As the final project of my Digital Fabrication class, the gear rings combine the different gear sets and digital fabrication techniques I have explored throughout Wintersession.
Inspired by Dukno Yoon's and Friedrich Becker's kinetic jewelry, the gear rings dynamically change and shape the space surrounding the body rather than simply adorn the body. The smaller, front ring is attached to two thin gauge piano wires, and it is detachable from the gear set on the bigger ring. The bigger ring provides the frame work and structure for the gears. The wearer have control over the orientation of the front ring, thereby changing the configuration of the wires and the distortion that is then created through movement. The bending of one's finger drives the gears - which are connected to the piano wires - into motion, distorting the shape of the wires that define the space surrounding the finger. The constant movement creates a dynamic and interactive experience for the wearer.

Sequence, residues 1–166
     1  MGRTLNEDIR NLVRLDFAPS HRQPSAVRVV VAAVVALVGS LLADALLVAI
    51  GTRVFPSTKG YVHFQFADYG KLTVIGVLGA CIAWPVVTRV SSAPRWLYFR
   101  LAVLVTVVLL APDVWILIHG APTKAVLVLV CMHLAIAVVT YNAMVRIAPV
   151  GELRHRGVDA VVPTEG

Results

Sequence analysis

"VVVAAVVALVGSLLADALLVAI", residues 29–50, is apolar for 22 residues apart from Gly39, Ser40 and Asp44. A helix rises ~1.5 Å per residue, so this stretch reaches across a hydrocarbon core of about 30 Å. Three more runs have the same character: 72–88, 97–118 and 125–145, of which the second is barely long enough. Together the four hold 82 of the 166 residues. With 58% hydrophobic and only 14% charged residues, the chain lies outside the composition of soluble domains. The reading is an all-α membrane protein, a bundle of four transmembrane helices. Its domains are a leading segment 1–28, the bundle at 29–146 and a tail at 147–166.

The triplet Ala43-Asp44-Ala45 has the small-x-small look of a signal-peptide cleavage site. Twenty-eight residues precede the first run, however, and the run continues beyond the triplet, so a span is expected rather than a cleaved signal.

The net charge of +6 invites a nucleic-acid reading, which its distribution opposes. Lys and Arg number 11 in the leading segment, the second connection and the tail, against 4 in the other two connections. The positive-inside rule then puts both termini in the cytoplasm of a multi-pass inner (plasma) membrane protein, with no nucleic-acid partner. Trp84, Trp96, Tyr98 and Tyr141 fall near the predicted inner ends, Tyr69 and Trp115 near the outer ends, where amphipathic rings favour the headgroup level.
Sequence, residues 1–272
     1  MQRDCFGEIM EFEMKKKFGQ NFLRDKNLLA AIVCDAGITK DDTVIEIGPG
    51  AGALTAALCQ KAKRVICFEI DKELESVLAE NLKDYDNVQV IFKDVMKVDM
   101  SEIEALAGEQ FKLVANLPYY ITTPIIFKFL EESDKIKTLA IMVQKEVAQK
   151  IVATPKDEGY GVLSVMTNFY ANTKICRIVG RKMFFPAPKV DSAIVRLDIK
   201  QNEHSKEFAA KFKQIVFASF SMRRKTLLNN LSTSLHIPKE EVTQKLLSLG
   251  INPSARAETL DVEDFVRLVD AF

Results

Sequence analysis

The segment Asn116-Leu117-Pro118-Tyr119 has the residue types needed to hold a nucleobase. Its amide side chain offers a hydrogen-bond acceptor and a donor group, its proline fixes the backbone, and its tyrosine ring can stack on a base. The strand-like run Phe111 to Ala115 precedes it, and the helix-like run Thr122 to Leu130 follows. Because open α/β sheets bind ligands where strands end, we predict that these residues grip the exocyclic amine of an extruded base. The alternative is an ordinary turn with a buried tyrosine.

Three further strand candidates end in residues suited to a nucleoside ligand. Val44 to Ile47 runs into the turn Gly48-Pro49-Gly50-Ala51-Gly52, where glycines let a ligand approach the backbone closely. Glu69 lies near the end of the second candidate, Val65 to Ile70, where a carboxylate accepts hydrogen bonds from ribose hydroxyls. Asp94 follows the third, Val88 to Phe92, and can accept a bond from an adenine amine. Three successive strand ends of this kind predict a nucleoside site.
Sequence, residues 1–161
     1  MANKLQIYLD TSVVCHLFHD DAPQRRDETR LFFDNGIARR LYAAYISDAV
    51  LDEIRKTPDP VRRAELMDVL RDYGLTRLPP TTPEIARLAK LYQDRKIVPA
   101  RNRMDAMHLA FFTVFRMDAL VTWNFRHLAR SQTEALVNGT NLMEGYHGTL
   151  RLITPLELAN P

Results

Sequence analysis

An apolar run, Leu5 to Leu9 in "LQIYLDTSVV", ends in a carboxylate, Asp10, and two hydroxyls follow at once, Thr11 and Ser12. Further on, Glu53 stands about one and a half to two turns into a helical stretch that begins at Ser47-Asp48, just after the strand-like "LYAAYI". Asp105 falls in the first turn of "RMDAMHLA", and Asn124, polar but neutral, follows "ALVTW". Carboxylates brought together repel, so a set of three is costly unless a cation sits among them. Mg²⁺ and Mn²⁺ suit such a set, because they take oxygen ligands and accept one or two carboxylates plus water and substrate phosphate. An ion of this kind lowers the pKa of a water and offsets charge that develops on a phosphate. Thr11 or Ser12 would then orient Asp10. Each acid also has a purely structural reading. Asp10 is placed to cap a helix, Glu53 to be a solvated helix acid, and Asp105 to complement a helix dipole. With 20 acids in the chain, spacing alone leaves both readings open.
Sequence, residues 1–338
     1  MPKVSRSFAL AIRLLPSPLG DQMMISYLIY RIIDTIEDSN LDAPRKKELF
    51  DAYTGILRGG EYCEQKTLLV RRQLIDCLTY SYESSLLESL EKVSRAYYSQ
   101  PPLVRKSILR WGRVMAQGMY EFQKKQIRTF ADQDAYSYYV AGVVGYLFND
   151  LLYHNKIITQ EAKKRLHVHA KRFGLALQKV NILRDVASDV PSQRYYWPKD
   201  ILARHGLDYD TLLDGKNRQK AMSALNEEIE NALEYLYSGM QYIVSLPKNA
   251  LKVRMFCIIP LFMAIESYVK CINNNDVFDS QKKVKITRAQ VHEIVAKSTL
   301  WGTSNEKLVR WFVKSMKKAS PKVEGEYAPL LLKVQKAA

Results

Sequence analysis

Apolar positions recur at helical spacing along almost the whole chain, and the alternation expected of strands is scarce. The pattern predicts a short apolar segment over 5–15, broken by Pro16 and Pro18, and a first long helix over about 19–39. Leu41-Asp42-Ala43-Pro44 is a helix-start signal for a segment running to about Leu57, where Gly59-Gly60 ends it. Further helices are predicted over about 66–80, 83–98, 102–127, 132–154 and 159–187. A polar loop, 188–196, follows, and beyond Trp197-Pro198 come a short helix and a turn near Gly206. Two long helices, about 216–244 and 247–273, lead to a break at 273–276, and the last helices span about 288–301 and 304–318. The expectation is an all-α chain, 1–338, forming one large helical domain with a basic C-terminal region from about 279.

The rings also combine digital fabrication techniques and the craftsmanship in traditional jewelry. The sterling silver rings are completely handcrafted while the gears are lasercut from 1/16" and 1/8" plexiglass. Utilizing the properties of the laser cutter, one of the gears has a smaller gear rastored onto the surface, transforming a single gear to a combination of two gears with different sizes and numbers of teeth. Lasercutting is chosen over 3D printing because of its precision and the hardness of plexiglass. While 3D printing is suprerior in creating complex three-dimensional forms, lasercutting provides a higher level of precision when creating two-dimensional gears.
First prototype made with brass wire and a different wire frame structure for the gears.
Previous projects from the class
A planetary gear system that has a spring in the core, allowing the gears to spring back after winding up. The gears are lasercut plexiglass and riveted with brass wires, while the key is designed on Rhino and 3D printed with a Makerbot Replicator 2.
A 3D printed cube gear designed through Rhino. All parts are riveted with brass wires.
A 3D printed gear system that shapes space with the wire, the concept is revisited in the final project.